Who Are We?

524 DeMoss St.
Lordsburg, NM 88045


The Hidalgo County Health Consortium is a community-based organization endorsed by the Hidalgo County Commission. Members of the consortium represent a wide range of sectors int he community and we strive to represent a wide range of the population to make decisions that will ultimately improve the health of Hidalgo County Residents.

The consortium asts as an advisory committee addressing the health and wellness issues for Hidalgo County and makes recommendations to the county commissioners.

The consortium was organized in1997 as a means to coordinate efforts to improve Hidalgo County residents' quality of life.


We are a regional, collaborating network of services providers and consumers leading the fight to ensure the quality of life, health, and well-being in Hidalgo County.


We believe that each person has a basic right to access comprehensive health services, advocate for individual health, recognize the best quality of life, and realize increased benefits for positive change in communities.

What Do We Do?

We assess, plan, and coordinate activities and programs around prioritized health concerns.  We meet the third Tuesday of each month (except July and December).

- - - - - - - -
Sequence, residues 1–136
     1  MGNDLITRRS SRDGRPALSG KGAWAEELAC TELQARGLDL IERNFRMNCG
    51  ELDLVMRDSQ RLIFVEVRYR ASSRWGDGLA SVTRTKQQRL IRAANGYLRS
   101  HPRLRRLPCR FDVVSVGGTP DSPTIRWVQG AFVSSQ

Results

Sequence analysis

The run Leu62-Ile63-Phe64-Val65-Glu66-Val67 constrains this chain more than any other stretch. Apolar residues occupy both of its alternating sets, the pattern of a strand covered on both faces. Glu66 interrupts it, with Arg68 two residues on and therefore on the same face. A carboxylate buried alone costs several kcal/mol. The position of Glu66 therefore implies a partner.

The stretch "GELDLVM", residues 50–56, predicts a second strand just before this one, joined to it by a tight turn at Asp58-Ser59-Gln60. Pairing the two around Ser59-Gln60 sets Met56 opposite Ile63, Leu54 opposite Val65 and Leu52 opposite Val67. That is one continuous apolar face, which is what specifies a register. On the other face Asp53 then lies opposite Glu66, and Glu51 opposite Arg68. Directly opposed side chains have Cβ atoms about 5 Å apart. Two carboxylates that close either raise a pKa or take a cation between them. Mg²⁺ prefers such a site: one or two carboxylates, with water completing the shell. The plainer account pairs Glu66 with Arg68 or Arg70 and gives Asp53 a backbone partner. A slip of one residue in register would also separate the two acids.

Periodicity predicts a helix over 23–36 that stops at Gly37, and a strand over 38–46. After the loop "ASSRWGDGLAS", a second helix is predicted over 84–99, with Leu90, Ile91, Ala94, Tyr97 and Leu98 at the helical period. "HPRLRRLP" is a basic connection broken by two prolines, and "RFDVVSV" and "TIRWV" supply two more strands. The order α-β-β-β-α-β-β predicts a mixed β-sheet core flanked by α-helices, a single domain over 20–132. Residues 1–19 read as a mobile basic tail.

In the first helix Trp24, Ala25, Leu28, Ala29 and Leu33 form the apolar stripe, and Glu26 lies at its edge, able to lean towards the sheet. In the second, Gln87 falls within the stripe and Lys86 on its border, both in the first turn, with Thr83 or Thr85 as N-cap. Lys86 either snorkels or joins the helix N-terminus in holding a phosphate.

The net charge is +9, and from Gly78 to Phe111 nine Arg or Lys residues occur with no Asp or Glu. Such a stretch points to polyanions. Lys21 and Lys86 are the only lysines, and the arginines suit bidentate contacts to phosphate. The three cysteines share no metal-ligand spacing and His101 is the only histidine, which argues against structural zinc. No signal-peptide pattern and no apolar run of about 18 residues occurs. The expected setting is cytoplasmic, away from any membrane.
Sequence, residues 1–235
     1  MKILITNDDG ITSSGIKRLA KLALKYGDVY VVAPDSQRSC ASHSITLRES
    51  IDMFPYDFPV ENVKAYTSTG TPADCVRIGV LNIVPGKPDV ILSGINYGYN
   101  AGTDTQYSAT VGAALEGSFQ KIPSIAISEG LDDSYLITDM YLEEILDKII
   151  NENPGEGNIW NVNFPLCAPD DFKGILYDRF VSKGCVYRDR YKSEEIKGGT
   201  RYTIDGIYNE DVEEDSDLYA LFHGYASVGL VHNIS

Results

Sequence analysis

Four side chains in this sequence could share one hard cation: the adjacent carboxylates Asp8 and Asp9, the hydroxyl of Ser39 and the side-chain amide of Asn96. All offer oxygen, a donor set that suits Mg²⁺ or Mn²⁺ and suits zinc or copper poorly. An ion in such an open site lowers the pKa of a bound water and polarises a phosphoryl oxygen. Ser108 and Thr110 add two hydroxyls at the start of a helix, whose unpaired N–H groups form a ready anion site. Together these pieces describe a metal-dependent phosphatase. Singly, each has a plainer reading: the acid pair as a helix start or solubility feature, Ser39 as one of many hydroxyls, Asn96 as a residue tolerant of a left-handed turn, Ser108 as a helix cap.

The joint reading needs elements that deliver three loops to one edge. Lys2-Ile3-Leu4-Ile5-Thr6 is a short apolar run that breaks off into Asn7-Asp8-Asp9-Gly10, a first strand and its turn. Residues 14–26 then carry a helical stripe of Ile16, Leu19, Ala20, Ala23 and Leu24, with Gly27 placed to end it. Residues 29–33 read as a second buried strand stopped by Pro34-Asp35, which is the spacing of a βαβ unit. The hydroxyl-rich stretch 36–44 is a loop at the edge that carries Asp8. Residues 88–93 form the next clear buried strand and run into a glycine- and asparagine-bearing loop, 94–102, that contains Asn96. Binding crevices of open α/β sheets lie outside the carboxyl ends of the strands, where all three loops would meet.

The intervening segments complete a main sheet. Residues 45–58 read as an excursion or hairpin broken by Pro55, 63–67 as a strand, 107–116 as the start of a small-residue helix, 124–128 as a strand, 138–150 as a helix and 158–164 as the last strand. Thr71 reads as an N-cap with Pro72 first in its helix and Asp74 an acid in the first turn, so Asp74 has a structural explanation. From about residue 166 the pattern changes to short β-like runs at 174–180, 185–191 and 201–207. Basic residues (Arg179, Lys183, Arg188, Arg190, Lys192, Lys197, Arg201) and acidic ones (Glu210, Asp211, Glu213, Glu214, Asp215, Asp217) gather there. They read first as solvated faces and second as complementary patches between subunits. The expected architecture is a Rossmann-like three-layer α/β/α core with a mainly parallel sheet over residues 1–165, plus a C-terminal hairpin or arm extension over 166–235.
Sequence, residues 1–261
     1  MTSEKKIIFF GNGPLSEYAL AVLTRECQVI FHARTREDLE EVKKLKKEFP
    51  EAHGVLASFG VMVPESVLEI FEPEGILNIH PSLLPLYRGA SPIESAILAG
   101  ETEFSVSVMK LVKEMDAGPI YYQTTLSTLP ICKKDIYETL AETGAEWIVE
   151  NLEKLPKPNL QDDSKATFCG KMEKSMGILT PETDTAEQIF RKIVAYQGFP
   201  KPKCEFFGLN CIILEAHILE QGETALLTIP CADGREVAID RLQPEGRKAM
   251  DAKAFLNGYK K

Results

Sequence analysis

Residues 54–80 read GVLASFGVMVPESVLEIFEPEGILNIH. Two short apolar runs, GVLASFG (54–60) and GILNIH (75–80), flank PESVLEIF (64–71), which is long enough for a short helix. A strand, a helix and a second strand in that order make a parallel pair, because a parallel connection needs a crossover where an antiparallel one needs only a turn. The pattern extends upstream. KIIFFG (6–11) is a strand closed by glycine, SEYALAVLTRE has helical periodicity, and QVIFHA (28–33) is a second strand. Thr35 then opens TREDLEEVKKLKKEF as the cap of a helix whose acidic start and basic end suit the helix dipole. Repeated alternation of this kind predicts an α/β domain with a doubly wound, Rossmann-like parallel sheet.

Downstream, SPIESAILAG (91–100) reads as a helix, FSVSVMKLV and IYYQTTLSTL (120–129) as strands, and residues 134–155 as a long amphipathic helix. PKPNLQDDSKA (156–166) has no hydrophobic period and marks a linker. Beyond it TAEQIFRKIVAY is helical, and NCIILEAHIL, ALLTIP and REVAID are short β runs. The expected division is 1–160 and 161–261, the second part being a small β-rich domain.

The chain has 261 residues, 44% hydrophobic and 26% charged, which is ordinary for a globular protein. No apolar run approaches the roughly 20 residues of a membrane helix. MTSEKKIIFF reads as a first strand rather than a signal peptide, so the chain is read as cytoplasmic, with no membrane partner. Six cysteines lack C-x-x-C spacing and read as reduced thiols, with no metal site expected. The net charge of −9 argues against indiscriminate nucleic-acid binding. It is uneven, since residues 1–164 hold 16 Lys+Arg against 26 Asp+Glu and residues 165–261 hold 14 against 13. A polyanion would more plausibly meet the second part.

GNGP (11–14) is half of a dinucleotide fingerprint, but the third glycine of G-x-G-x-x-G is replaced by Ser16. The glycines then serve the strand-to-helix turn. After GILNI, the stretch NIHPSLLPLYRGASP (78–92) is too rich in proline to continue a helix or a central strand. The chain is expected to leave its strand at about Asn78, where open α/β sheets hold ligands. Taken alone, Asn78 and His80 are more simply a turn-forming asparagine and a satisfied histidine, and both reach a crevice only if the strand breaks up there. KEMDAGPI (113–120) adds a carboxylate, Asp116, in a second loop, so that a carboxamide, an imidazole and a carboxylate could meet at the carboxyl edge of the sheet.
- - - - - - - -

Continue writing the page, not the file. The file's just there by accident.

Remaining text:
What Have We Contributed?

--Organized the quad-county Wellness Coalition, originally established to prioritize common health issues in the four-county area and to seek funding for prioritized needs.  The TWC became a powerful voice in the state for rural needs, helped councils build capacity, participated in regional strategic planning, and acquired funding for common needs.

--The HCHC and TWC took the lead originally in promoting economic development for Hidalgo County, following the closure of the copper smelter in 1999.  At that time, the HCHC brought in mental health counselors and facilitated activities directed toward helping families cope during those traumatic weeks and months.

--Facilitated the Healthier Schools program in both county schools, wherein Animas was named a model school in the Healthier School program. This included provision of health curriculum, physical activities, cafeteria offerings, and bringing access to health services to students and families.

--Establishment of public transportation services in Hidalgo County. The MCH/HCHC provided the Health Link Van services for many years, providing rural residents with transportation to medical and social service appointments.  With the establishment of the SALUDS and Medicaid transportation services, we shifted our focus from provision of direct services to advocating for public transportation services to fill the needs not met through those services.  Corre Caminos began providing services to Hidalgo County largely because of the HCHC.

--Mapped medical and social services available to Hidalgo County residents, identifying gaps and duplications. This proved to be a tremendous help to the various agencies who provide services here and to the residents who benefit from those services.